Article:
Aquifer Storage and Recovery: HB 655 Reduces Red Tape

Aquifer Storage and Recovery: HB 655 Reduces Red Tape

Reservoir-building is a Texas tradition – approximately 40 percent of the state’s water supply comes from these man-made lakes. While reservoirs are Texas’s traditional method of water storage, they are terribly inefficient. They lose large amounts of water to evaporation, sometimes over 40 percent of their storage. Total evaporation for the Highland Lakes was 192,404 acre-feet in 2011 – that’s more than the entire City of Austin’s 2011 water use (168,334 acre-feet). 

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Joint Legislative Committee Tackles Water Desalination

Joint Legislative Committee Tackles Water Desalination

Texans may soon have to turn to drinking recycled saltwater, brackish water, or maybe even wastewater from natural gas fracking. The current drought has forced the state to look into alternative water resources, including water reuse and conservation measures. One form of water reuse that has become more desirable to those working to solve Texas’ water shortage is desalination - the process of removing salt and impurities from water sources such as seawater and brackish water. While technologies are still being perfected to recycle oil, gas, and industrial wastewater for potable use, industry is currently capable of recycling their own wastewater for further use.  At the same time that Texas’ economy is booming due to the oil and gas industry, we have towns such as Wichita Falls dangerously close to running out of water. If we are to sustain our “Texas Miracle” we absolutely must ensure that we have water to supply to millions of Texans, and the businesses and industries that make our thriving economy so great.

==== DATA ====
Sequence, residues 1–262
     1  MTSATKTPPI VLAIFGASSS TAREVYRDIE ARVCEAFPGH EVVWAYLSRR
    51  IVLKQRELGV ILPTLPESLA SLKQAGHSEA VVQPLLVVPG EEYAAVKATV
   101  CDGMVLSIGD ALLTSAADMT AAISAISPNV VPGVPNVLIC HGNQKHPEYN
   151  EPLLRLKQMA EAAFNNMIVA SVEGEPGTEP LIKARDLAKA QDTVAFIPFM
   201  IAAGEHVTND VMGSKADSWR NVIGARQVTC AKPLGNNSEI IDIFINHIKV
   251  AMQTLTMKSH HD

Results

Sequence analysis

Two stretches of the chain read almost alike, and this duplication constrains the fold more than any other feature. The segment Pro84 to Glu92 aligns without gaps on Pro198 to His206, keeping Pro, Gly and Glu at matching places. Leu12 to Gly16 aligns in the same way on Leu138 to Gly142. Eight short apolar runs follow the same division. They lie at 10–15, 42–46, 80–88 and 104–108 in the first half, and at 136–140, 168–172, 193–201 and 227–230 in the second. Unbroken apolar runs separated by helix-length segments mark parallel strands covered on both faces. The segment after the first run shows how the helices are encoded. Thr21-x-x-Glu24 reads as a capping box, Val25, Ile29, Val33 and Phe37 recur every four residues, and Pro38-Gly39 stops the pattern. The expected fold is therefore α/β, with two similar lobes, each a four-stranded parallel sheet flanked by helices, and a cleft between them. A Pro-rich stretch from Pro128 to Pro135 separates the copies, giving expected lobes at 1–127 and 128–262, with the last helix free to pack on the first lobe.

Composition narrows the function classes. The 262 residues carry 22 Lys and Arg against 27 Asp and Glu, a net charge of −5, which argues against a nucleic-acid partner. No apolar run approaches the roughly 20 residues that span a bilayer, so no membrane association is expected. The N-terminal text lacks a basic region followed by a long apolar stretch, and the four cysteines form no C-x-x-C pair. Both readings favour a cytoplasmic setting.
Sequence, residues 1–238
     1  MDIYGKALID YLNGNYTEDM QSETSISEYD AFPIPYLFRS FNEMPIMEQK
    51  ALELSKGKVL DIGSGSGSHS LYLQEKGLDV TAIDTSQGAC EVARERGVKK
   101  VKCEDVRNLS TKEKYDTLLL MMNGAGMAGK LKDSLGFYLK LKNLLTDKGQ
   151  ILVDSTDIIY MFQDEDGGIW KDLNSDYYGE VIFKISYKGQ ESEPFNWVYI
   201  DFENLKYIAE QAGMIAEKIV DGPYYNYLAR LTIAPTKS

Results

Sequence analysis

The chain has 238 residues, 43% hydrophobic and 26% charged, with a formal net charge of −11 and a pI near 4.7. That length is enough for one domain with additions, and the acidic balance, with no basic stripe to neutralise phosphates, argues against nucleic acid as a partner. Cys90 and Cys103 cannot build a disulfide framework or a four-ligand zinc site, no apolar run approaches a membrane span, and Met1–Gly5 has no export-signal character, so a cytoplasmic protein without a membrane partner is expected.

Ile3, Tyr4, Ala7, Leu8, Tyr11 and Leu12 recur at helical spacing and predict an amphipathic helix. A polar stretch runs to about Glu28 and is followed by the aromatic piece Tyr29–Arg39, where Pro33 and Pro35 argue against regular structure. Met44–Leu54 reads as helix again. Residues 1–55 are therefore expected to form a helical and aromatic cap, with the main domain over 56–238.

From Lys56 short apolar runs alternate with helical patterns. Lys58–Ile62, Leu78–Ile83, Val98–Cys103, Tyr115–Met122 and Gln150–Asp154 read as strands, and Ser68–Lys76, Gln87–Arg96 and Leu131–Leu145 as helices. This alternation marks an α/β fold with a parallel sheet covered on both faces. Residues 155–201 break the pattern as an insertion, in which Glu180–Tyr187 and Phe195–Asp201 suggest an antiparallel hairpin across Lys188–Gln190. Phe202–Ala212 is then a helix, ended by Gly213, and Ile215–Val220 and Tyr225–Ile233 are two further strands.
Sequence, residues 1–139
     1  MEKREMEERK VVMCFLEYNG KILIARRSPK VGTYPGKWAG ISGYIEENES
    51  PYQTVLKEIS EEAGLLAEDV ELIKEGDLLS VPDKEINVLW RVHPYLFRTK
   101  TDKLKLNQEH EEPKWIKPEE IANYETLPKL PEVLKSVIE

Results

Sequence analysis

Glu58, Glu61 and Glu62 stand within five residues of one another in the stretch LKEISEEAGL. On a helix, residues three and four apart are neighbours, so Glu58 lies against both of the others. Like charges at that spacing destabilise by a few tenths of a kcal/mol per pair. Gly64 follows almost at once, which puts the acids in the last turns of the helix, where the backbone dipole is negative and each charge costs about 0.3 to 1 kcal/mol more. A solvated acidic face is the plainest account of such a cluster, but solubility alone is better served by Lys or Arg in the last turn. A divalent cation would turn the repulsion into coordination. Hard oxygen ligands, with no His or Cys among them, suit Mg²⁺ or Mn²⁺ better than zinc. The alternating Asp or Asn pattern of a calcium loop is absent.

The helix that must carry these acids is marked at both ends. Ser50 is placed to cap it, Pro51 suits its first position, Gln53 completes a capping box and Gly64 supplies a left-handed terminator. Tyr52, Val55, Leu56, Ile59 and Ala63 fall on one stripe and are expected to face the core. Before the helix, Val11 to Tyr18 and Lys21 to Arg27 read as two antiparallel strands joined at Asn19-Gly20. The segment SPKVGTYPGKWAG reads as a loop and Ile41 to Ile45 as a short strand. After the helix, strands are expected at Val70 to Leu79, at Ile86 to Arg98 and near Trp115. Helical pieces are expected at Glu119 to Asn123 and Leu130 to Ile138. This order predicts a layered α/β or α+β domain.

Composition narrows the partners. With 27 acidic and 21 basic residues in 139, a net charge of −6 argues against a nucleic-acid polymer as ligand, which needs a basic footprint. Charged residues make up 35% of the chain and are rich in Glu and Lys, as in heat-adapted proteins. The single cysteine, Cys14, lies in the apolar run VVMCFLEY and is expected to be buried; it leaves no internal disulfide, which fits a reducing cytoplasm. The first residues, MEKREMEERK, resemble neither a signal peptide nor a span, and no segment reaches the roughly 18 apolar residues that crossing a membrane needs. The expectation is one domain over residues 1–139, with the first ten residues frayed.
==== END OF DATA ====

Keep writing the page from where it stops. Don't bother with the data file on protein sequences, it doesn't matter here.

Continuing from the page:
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Desalinated Water Has Hidden Costs

Should water be free? No matter what answer, the truth is that our state is growing drier and drier as more and more people move here. Our state legislature, through the Joint Interim Committee to Study Desalination, is looking to technology to solve Texas’ water worries. However, they fail to consider the many complications around the costs of manufacturing new water.

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